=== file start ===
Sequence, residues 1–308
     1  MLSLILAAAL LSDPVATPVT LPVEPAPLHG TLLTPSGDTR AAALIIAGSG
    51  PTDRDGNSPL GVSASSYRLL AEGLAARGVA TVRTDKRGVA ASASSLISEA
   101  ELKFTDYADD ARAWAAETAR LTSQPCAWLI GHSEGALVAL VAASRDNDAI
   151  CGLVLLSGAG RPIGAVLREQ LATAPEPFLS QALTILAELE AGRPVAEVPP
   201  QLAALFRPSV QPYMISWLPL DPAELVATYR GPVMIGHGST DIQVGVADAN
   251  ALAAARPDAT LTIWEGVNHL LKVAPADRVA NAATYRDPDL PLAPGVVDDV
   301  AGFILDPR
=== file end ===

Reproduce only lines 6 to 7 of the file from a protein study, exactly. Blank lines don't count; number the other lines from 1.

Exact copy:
   201  QLAALFRPSV QPYMISWLPL DPAELVATYR GPVMIGHGST DIQVGVADAN
   251  ALAAARPDAT LTIWEGVNHL LKVAPADRVA NAATYRDPDL PLAPGVVDDV